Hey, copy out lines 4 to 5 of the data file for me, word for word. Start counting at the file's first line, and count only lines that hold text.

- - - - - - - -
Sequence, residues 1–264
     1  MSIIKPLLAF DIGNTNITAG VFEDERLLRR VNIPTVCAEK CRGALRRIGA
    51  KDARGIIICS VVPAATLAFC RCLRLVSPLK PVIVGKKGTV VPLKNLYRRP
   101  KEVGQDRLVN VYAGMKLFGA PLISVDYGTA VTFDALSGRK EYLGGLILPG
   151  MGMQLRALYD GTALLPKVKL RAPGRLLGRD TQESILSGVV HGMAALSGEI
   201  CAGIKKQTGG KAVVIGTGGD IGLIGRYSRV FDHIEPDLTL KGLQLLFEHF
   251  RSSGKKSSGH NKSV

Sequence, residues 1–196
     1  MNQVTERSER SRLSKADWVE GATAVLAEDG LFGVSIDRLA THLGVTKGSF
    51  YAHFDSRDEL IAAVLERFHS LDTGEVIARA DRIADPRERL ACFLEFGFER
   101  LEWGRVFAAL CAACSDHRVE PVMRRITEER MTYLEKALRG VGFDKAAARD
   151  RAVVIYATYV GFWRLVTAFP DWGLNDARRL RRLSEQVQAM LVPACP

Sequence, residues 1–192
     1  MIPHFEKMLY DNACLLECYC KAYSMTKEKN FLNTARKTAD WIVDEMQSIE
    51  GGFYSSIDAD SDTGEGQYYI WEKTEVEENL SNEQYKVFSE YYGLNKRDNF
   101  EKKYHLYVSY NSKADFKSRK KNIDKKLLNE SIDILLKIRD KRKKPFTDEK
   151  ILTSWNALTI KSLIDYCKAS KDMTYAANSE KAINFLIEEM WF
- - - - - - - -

   101  KEVGQDRLVN VYAGMKLFGA PLISVDYGTA VTFDALSGRK EYLGGLILPG
   151  MGMQLRALYD GTALLPKVKL RAPGRLLGRD TQESILSGVV HGMAALSGEI